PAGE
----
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A Little E-Commerce Has Big Ripples

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Online shopping is not as big a deal as you think, and it’s a much bigger deal than you think.

In the “meh” camp: While for some it can feel like e-commerce is the only commerce, Americans still buy about 85 percent of our stuff in person. And our internet shopping over recent years has been a contributing factor to a record number of store closings every year and other retail pain — but it hasn’t been the cause.

What’s remarkable, though, is the profound effect from the relatively small amount of digital shopping. Online shopping has changed our behavior, reordered the nature of work and challenged the functioning of our neighborhoods and cities.

If that has been the impact when online shopping is 15 percent of what we buy, what happens if the pandemic permanently kicks that share to one quarter or more?

We should cheer the convenience of online shopping, and it’s the safest option for many people in the pandemic. It has also created new opportunities for businesses to reach new customers.

That doesn’t mean we should like everything about the new order.

But first we need to recognize what online shopping has changed — and what it hasn’t.

Second, in-person stores aren’t going away. If anything, the last few years showed how much they matter. Amazon bought a grocery store chain, for goodness sake, and is building more food shops and convenience stores.

What has changed from online shopping are our brains and our world.

I am happy for shampoo to appear on command at my door. But we haven’t assessed what we lose when shopping shifts from wandering the mall with other humans to sitting alone at home with robots.

And as I’ve written before, in response to a small minority of our shopping shifting online, delivery orders have forced neighborhoods and cities to grapple with far more truck traffic and chaos.

Online shopping is also creating jobs that may be better than conventional retail store work in some ways, but pose other challenges. Compared with retail store jobs, the work of the online shopping economy tends to be more automated, in fewer parts of the country and employs more men than women.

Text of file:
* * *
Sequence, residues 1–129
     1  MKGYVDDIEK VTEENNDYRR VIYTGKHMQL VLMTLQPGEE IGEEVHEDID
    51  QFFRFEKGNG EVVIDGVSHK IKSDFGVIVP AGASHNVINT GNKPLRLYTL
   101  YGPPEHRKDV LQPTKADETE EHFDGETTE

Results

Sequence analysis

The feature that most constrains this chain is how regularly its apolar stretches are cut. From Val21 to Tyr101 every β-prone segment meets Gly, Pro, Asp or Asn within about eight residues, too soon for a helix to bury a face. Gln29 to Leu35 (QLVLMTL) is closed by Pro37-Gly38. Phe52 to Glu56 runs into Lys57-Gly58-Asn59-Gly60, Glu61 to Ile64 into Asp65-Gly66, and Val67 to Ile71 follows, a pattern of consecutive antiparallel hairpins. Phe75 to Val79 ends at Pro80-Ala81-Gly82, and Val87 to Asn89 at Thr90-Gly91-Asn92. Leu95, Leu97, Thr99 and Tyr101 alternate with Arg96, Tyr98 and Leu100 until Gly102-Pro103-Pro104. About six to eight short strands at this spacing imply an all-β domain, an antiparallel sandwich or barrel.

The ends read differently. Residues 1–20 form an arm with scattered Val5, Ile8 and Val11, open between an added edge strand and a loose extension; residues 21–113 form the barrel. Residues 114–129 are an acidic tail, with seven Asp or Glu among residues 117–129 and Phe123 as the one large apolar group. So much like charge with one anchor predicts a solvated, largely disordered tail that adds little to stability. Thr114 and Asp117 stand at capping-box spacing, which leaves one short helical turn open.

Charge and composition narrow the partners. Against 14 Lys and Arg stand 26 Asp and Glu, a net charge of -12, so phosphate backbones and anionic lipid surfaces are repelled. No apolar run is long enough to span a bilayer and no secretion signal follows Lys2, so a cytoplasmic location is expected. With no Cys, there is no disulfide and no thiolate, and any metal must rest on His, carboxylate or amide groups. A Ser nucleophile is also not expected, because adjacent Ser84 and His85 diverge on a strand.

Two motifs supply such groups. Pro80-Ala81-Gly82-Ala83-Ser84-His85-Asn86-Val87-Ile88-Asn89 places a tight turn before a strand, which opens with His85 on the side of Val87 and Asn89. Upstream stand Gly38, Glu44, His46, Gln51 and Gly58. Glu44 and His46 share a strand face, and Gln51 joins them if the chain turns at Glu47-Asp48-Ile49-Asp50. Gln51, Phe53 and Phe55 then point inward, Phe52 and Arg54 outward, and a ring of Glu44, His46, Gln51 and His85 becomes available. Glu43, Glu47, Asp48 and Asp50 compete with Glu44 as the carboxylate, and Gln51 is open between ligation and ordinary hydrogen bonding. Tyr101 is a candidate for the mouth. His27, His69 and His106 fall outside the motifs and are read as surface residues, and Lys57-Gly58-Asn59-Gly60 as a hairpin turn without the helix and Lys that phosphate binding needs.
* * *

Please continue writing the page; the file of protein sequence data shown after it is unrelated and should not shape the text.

It’s not Amazon’s fault that its package sorting operation in Baltimore stands on the grounds of a former auto factory that once employed 8,000 people who made up to $100,000 a year in today’s dollars, while Amazon has half as many workers there making less than half as much. This is a broader economic reordering.

But is that it? Should we, as Amazon’s top spokesman suggested in The New York Times Opinion section in February, stop comparing a warehouse employee making $30,000 a year plus benefits to an autoworker making twice as much decades ago because these jobs might be the worker’s best option?

We shouldn’t preserve old ways of life because of nostalgia. But it doesn’t mean we should just shrug and turn the page, either.

When I asked you recently to send in your gadget fix-it questions, I definitely did not expect Judy from Los Angeles to ask about reviving her portable Sony CD player — a.k.a., the Walkman or Discman that was first made in the 1980s.

Dan Koeppel from the Wirecutter, a product recommendation site owned by The Times, tackled this retro tech query:

I admire your spirit. I assume this is a labor of love, and that’s always a good thing — even though this answer is going to emphasize the “labor” part.

Now, forensics. I’m going to take a guess and hope it makes me look like a genius: Some old music players, including those from Sony, had a button marked “hold.” When this switch is activated, the unit won’t turn on. Other models had switches for the battery. Look on the exterior and inside the battery compartment and flip any switches you find.

Did that work? If not, dig deeper. Look for any corrosion on the battery terminals and clean them. Wear protective gear for your hands and eyes. Battery acid is nasty stuff.

No go? I’m afraid there aren’t many self-help options left. As an Angeleno, I would have recommended my go-to electronics repair guy, but he retired last year. However, Los Angeles still has a dwindling number of old-school repair outlets.

If you’re up for an adventure, you might find somebody able to revive your classic device so you can (I hope) play that vintage Christina Aguilera CD.

  • How to balance work and keeping employees safe: One central business question of the pandemic is how much employers should do to protect workers. My colleague Karen Weise looked at one Amazon warehouse in Pennsylvania that missed early opportunities to safeguard employees, including not fully implementing some health measures for almost two months.

  • TikTok has a new boss: The app for short videos is one of the few apps from a Chinese company that has caught on everywhere. It just hired a high-profile new chief executive from Disney, my colleagues Brooks Barnes and Jack Nicas wrote. His challenge will be to keep TikTok relevant, make it financially viable, calm American lawmakers worried about its Chinese ownership and avoid the mistakes of internet hangouts that came before. Good luck, new guy!

  • Red state memes versus blue state memes: Nick Corasaniti on The Times’s politics team writes about the 33-year-old twins behind the popular Facebook page Occupy Democrats. The social media mavens of the left are emerging as a counterweight to the internet mastery of the right.

Just watch this solo home quarantine recreation of the closing scene of “Dirty Dancing,” with a floor lamp standing in for Jennifer Grey. (My colleague Sapna Maheshwari spotted this in the “So Many Thoughts” newsletter.)

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